Young Writers Society

Home » Forums » Resources » Writing Tips

Some General Notes on Poetry



User avatar
915 Reviews



Gender: Male
Points: 890
Reviews: 915
Tue Oct 17, 2006 5:01 pm
Incandescence says...



Hi guys--


It seems I find myself repeating myself - a lot - both in the classroom and on the YWS. To help avoid that, at least here, I've collected some notes I've made that I'd like to share with you. Some general "do"s and "don't"s - but mainly "don't"s. As always, I'd remind you these are rules-of-thumb, not god-given commandments, but they're good rules-of-thumb and you should at least consider them when confronted with these situations in your own work.

The Three Words That Should Never Be Used

OK, I'll admit it: there aren't any words that should never be used, but there are some that should be avoided at all costs. Here's three of my favorites: nice, just and got.

Why these three? Look at them closely. What on earth does "nice" mean? Surely there must be a dozen better, more accurate words to describe something than "nice", aren't there? It works well in sarcasm, I suppose, or when something is so awful we simply don't know what else to say. "Oh. Your new poem? Very... nice." I can think of many situations when it works in everyday conversation ("Hey, nice putt!) but in poetry it always strikes me as laziness. Avoid "nice".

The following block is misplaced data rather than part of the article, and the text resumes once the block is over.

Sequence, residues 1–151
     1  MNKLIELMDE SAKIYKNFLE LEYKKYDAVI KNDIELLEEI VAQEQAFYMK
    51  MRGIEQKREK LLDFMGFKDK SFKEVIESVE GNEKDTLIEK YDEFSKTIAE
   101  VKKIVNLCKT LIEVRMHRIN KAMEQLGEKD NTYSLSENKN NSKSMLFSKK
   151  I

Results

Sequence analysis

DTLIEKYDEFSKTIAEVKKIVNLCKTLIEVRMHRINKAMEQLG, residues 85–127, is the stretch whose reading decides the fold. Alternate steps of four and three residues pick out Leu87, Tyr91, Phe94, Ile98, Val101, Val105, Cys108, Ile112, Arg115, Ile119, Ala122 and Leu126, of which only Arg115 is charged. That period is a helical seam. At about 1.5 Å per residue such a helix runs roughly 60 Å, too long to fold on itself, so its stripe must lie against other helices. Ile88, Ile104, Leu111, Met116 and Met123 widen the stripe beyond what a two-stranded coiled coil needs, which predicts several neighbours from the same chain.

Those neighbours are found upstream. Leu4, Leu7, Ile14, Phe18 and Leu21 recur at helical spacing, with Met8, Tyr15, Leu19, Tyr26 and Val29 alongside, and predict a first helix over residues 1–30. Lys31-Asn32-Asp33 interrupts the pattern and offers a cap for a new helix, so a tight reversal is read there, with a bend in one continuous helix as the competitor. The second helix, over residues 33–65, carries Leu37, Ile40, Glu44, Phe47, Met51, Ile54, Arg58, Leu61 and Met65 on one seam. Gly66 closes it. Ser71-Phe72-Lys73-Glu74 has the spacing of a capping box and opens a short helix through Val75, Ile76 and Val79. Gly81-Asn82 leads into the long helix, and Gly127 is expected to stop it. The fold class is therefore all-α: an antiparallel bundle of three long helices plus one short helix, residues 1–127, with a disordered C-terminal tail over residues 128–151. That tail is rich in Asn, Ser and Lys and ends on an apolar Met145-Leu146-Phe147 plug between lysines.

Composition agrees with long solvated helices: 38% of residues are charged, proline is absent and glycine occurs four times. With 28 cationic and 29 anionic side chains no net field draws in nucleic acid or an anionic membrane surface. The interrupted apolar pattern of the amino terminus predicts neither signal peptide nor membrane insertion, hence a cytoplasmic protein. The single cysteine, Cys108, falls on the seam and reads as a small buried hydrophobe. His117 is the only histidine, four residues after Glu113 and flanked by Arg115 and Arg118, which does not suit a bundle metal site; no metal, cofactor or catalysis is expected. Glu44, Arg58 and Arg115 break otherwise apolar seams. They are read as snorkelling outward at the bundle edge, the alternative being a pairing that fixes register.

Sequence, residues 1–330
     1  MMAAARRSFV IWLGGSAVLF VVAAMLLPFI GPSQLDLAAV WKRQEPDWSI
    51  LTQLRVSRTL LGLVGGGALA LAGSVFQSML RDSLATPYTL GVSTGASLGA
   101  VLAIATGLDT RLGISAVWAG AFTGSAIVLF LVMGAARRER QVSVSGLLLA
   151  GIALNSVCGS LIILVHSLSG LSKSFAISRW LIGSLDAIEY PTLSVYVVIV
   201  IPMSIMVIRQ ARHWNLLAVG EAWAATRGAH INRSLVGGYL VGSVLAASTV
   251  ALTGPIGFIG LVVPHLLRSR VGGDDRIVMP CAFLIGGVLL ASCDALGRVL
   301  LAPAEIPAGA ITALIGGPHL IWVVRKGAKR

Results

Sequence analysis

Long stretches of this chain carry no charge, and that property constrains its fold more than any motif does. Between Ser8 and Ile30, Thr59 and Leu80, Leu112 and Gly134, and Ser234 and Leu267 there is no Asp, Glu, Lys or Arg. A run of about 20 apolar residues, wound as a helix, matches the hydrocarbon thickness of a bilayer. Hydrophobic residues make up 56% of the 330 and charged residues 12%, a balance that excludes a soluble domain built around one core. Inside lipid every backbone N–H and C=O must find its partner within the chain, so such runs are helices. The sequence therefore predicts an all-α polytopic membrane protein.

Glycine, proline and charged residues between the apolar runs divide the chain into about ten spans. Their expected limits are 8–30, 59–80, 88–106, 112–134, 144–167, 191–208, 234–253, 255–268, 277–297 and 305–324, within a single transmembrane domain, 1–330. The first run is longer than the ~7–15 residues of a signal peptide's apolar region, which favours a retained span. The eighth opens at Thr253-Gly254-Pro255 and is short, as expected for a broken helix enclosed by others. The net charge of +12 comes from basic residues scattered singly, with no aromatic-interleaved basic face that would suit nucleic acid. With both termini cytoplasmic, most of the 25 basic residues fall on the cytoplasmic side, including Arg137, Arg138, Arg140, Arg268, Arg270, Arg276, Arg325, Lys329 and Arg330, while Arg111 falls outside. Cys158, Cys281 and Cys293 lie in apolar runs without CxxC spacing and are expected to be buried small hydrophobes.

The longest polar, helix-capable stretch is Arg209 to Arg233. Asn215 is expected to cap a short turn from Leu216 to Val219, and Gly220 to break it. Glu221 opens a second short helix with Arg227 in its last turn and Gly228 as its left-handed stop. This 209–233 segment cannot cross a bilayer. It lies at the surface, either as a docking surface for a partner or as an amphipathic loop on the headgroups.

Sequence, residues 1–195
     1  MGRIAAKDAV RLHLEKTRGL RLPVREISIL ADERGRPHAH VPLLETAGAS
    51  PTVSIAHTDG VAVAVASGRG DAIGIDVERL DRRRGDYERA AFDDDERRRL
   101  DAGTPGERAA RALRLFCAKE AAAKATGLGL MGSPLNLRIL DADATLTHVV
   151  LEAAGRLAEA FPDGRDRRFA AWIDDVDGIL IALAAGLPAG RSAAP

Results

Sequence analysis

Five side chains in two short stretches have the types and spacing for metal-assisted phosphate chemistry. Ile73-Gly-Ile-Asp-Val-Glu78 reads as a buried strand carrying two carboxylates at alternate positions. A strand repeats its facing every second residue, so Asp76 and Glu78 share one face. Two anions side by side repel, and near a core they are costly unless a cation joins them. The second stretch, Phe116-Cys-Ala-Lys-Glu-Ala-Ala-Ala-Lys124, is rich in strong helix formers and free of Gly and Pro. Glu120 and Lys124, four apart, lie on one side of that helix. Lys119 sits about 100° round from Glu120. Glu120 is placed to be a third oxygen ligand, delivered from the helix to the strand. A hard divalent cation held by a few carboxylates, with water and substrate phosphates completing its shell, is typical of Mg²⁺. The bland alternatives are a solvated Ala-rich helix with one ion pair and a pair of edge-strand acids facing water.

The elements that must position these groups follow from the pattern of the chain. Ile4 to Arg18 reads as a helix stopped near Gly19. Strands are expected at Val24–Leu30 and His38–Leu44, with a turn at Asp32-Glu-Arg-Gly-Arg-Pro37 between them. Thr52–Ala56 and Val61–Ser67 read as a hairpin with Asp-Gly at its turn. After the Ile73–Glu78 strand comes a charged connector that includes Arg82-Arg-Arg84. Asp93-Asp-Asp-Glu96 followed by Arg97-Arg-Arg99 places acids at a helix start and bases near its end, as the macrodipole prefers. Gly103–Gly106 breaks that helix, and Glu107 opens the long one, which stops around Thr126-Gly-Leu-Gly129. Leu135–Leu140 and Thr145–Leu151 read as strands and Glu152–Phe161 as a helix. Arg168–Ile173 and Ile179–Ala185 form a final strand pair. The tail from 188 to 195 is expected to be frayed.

What does "just" mean? If you think about it for a second, it doesn't mean anything. "Only", perhaps. But more often than not, when you see it in a poem, the poem would work just as well without it. (As in this last sentence. Did you catch that?) Occasionally I'll see "just" pop up in rhymed and metered verse, along with another rhymer's favorite, "that", and in those cases it's usually because by throwing in a quick "just" or a "that" they can get the meter to work. Oooh, clever, no? Well, no. I see it all the time and know exactly why those words are there, and now, so do you. Lazy, isn't it? Cheating a bit, too.

The last of the three, "got", like "nice", is a word where there must be dozens of other, better choices. Off-hand I can think of a few poems where "got" was precisely the right word (no, I'm not going to tell you which ones, do your own research!) certainly more times than I've seen "nice" work successfully, but it should be treated with care and respect. We wouldn't want anyone to think you'd been lazy, would we?